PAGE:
Green Bay Packers quarterback Aaron Rodgers.

Green Bay Packers quarterback Aaron Rodgers. Credit: AP/Jeffrey Phelps

A quibble after spending an hour in Pat McAfee’s virtual restaurant listening to the couple at the next table over end their long-term relationship:

It would have been nice if, on the day that elevated the Jets one step closer to being top-tier contenders and brought so much euphoria and optimism and in some cases tears of joy to the long-suffering fan base, Aaron Rodgers at some point simply said he wanted to come to the Jets because of something Jets-related.

He didn’t have to promise a Super Bowl to his soon-to-be team even if his eventual arrival will set the bar that high when it comes to gauging his tenure in New York, not to mention those of the coach and general manager who are handling the mechanics of bringing him here plus the legacy of the owner who has been pushing for this outcome for several months. It could have been that their young roster intrigues him or perhaps a line that Robert Saleh dropped during their four-hour Malibu meeting last week that had him ready to run through one of his walls. Heck, he could have been jazzed about not needing to change his lucky cleats since the green ones from Green Bay will still work for him in the 2023 season.


Maybe he’ll come up with it eventually. If there was one personality takeaway from his chat on “The Pat McAfee Show” on Wednesday afternoon, it’s that Rodgers sticks to what he wants to say and doesn’t veer off into other matters. He did throw a few sprinkles of praise at offensive coordinator Nathaniel Hackett, and got angry at the idea the Jets had hired him to lure Rodgers to New York, but that was about it.

So while he opened up about everything from pooping during his recent darkness retreat to his increased taste for Wisconsin-based Indian food, any time the Jets came up it was brushed off for a later time and place by the quarterback, saved, he said several times, for a future conversation. Perhaps a relatively soon introductory news conference.

For now, all we have been given by the great purveyor of information were two basic nuggets:

1) Rodgers wants to play for the Jets.

2) And he wants to do it in order to stick it to the Packers.

If that brings a trophy to Florham Park, who really cares what his motivations are? There have been plenty of great accomplishments in sports, or otherwise, driven by spite. Michael Jordan carved out a 15-season career — plus a 10-part documentary — from that very emotion. If chips were made of protective plastic the NFL could do away with shoulder pads. Everyone wants to prove the haters and the doubters wrong, even if they have to make them up to do it.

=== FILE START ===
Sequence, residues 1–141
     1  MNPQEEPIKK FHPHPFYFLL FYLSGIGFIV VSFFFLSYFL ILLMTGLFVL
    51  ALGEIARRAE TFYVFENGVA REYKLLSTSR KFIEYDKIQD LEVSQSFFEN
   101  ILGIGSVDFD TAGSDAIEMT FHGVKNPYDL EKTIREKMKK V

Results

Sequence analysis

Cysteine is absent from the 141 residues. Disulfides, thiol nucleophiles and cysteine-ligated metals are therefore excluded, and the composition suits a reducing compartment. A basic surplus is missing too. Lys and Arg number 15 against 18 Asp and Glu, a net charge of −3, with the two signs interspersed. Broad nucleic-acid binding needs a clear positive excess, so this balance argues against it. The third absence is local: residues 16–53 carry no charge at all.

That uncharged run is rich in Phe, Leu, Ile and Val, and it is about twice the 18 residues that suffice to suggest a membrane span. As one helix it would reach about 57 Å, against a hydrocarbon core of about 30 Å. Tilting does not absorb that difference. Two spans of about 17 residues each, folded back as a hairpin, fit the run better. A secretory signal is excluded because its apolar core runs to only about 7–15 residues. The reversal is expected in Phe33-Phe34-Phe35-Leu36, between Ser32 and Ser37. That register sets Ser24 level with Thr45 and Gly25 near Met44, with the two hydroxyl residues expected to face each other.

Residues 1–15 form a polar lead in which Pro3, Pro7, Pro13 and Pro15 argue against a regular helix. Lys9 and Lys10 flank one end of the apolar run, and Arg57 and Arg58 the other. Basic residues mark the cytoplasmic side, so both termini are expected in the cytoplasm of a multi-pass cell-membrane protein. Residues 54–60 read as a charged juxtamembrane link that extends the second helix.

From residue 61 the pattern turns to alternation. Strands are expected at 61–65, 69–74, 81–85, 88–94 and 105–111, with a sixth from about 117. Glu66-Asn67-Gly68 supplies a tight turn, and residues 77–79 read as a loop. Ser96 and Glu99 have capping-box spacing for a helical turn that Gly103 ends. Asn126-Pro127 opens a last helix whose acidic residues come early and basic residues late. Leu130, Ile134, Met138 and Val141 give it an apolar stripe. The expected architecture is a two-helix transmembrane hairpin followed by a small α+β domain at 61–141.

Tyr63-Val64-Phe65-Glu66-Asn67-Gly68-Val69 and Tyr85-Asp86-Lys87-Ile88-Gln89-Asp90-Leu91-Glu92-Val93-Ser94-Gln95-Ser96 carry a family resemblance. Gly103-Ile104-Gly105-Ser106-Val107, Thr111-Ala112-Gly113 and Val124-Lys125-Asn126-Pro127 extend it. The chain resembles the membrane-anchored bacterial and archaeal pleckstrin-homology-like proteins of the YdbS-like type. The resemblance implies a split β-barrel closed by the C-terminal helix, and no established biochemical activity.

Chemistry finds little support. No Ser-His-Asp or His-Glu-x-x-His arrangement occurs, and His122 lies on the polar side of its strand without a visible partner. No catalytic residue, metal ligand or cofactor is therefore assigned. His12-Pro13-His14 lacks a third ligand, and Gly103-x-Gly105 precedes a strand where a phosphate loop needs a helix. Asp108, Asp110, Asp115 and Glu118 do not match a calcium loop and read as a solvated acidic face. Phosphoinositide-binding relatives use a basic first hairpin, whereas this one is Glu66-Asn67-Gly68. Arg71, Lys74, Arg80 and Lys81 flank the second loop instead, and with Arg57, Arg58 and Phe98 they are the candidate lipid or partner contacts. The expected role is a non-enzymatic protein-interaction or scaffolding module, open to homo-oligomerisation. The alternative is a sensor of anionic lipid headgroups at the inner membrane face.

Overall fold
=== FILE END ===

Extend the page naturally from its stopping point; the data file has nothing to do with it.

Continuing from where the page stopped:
Still, amid the phrases we have all been waiting these past few days and weeks to hear, most notable among them the very direct decision that Rodgers “made it clear that my intention was to play and my intention was to play for the New York Jets,” there were warning sirens going off in the background.

He noted several times he was “90%” sure he would retire after last season, that he went into his black hole in Oregon thinking that way, and suggested he emerged from the darkness feeling comfortable with that outcome until he checked his phone and saw signs that the Packers were getting antsy waiting for his decision. Had Green Bay been a little more patient, would he have walked away from the sport? It sure sounded like that on this day.

Bill Parcells once famously said: “If you are thinking about retirement, you are retired.”

That was a long time ago and since then there have been plenty who have announced and then reneged on the ends of their careers. Tom Brady has already done it once and there are many who still believe he could do it again. Hey, Parcells himself collected several gold watches from various stops around the NFL.

Rodgers is different from them or anyone else, that’s for sure, but the Jets need to go into this relationship fully aware of its parameters. They need to realize the guy they have been 100% committed to acquiring this offseason is really only 10% into them.

If things start to go south or even hint at difficult times, that other 90% could start to look pretty inviting. If things go exceptionally well, that too could hasten the end of Rodgers’ career. He even mentioned at one point his ideal of winning the Super Bowl in any of the past three seasons and walking away.

Ultimately, the best way this works out for the Jets is the way it did for the 2020 Buccaneers and the 2021 Rams, two of the last three Super Bowl champs who won it all by adding a stellar veteran to an otherwise able roster that had been unable to accomplish much until their quarterback messiah arrived. Make no mistake, that would be awesome. But taking a look at the state of the 2023 Bucs and the 2023 Rams should be a reminder of the costs that such “win now” decisions can incur. Pretty soon the Jets will be the ones at the table where the breakup is taking place, not eavesdropping on the drama.

As they watched Rodgers’ hour-long uncoupling from the Packers on Wednesday, the Jets and their fans had every right to be excited that they will be next to receive his services as a four-time MVP quarterback and future Hall of Famer.

They just need to realize while he may physically be coming to play for them, he’s not leaving Green Bay for the Jets. He’s leaving Green Bay for Green Bay . . . and for himself.

Newsday LogoSUBSCRIBEUnlimited Digital AccessOnly 25¢for 5 months